The ultimate user of any product or service is the customer, and the producer's sole goal is to meet their requirements and wishes. However, the level of enjoyment varies depending on the individual and their mental state. The measuring of usefulness and satisfaction has long been a point of contention.
There are numerous ideas that characterize the level of enjoyment. However, the two most common utility theories are cardinal utility and ordinal utility. The cardinal utility argues that satisfaction can be measured in utils, but the ordinal utility believes that satisfaction cannot be evaluated but can be levelled.
This article shows the difference between cardinal utility and ordinal utility.
Cardinal vs Ordinal Utility
Many conventional economists advocated that utility be quantified in the same way that length, height, weight, temperature, and so on are. This is known as a Cardinal Utility. Ordinal Utility, on the other hand, expresses a commodity's utility in terms of more than or less than.
The primary distinction between cardinal and ordinal utility is that ordinal utility measures choices in terms of their order of preference, whereas cardinal utility assigns particular numerical values to a person's level of satisfaction after consuming a good or service.
Difference Between Cardinal Utility and Ordinal Utility in Tabular Form
|BASIS OF COMPARISON||CARDINAL UTILITY||ORDINAL UTILITY|
|Meaning||Cardinal utility is the utility that allows consumers' happiness from the consumption of a commodity or service to be stated quantitatively.||According to ordinal utility, the satisfaction that a consumer obtains from the use of an item or service cannot be represented numerically.|
|Realistic||It is less useful.||It is more realistic and logical.|
|Measurements||Utils are used to calculate utility.||Satisfaction is used to rank utility.|
|Promoted by||Economists of the classical and neoclassical schools.||Economists of Today.|
|Other Name||Utility Analysis.||Indifference Curve Analysis.|
What Is Cardinal Utility?
In the opinion of classical economists, utility is a quantitative concept that may be quantified. As a result, they developed the concept of assessing utility using a cardinal approach. According to this approach, the utility can be expressed in the same way as weight and height. The economists, on the other hand, lacked a specific measure for utility. As a result, they developed a psychological unit known as 'Util'. Because it changes from person to person, place to place, and time to time, util is not considered a standard unit. For example, if someone attributes 30 utils to a pizza and 20 utils to chowmein, we can deduce that the pizza has twice the capacity to satisfy human desires.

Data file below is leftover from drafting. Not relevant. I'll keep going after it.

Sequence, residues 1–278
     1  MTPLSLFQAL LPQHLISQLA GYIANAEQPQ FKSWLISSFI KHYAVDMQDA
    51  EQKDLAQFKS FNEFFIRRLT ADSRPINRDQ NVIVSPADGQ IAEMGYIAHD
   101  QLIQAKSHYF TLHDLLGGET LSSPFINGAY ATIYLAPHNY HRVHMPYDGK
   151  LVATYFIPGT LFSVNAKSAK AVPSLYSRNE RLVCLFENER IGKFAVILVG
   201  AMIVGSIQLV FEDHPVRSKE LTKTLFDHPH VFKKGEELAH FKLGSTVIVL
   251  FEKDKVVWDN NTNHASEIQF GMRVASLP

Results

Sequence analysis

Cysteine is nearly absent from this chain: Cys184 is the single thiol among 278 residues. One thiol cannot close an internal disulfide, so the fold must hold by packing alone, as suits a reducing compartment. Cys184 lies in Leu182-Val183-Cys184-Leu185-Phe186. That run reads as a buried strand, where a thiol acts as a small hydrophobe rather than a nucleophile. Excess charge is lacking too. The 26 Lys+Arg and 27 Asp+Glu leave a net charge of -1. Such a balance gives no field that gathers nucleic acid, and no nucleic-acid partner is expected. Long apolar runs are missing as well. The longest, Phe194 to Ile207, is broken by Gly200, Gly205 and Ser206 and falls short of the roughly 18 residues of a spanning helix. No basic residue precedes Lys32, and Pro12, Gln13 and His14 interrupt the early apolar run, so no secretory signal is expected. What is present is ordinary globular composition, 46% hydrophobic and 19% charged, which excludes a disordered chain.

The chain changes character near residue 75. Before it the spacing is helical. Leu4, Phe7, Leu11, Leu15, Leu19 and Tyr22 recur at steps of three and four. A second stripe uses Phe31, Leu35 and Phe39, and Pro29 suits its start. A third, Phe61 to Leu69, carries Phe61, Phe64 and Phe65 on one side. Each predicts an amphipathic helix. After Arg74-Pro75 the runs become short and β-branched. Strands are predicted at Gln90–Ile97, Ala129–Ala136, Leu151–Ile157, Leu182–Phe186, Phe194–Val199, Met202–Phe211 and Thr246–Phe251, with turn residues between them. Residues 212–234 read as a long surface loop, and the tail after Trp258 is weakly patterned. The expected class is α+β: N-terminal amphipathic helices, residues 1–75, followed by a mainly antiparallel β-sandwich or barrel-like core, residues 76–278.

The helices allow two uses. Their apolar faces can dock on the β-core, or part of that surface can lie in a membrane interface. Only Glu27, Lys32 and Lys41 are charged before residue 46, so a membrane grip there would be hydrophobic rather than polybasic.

Because util is not a conventional unit of measurement, several economists, notably Alfred Marshall, proposed quantifying utility in terms of how much money people are willing to pay for an item. If one rupee equals one util, a pizza costing Rs 30 has 30 utils and a chow mein costing Rs 20 has 20 utils. As a result, consumers who eat burgers will generate 30 utils, whereas those who eat chow min will generate 20 utils.
A product's price is determined by its supply and demand. Furthermore, a person's demand for a product is influenced by three factors:
- The item's cost
- A person's earnings
- The cost of further connected products
Application of Cardinal Utility
Cardinal Utility's various applications are as follows:
Welfare Economics: In this system, the production of commodities and the provision of services are measured by an individual's own wealth. This means that it provides a means of understanding the "greatest good to the greatest number of people." For example, this conduct reduces a person's utility by 75 utils while increasing the utility of two other people by 50 utils each. However, the overall gain was 25 utils, which is a good deal.
Marginalism: According to cardinal theory, a product's marginal utility sign is the same for all mathematical forms, but its magnitude is not. This also holds true for the second derivative of a distinct utility.
Expected Utility Theory: This concept is useful for risk-adjusted settlements. Assume there are just a few tickets to the lottery that yield results. It is feasible to plot choices in real numbers here, allowing for numerical representation.
Intertemporal Utility: Cardinality comes into play in many representations of utility, where individuals deduce the impending values of utility. It is possible to generate appropriate utility functions using this.
Pros and Cons of Cardinal Utility
Cardinal utility has both advantages and disadvantages. Some of them are listed below:
- Precision: Cardinal utility provides a more accurate measurement of utility over ordinal utility. It enables us to assign numerical values to a person's level of happiness or utility from consuming a commodity or service, making it easier to evaluate utility between various products or services and even among different individuals
- Mathematical model: Cardinal utility can be used to develop mathematical models that aid economists and policymakers in understanding and forecasting consumer behavior. This is especially relevant for developing rules and regulations to maximize customer welfare.
- Consumer Surplus: Consumer surplus can be calculated using Cardinal Utility, which is the difference between the utmost price a consumer is ready to pay for an item or service and the actual amount they pay. This data can help businesses assess consumer demand and establish prices that maximize profits.
- Subjectivity: Cardinal utility is dependent on subjective judgements and preferences, which can differ from person to person and even over time within the same person. This makes using cardinal usefulness to make fair policy decisions challenging.
- Issues with measurement: Measuring utility and assigning numerical numbers to it can be difficult. Different people may interpret a specific degree of utility differently, and there is no unbiased method to measure it.
- Not observable: The utility is not immediately observable; thus, economists and policymakers must rely on indirect indicators like market prices and surveys to deduce consumer preferences and behavior. This can lead to mistakes and biases in utility measurement.
What Is Ordinal Utility?
The Ordinal Utility technique is based on the notion that an item's utility cannot be quantified in absolute quantity, but a customer can judge subjectively whether the commodity provides more, less, or equal satisfaction when compared to another.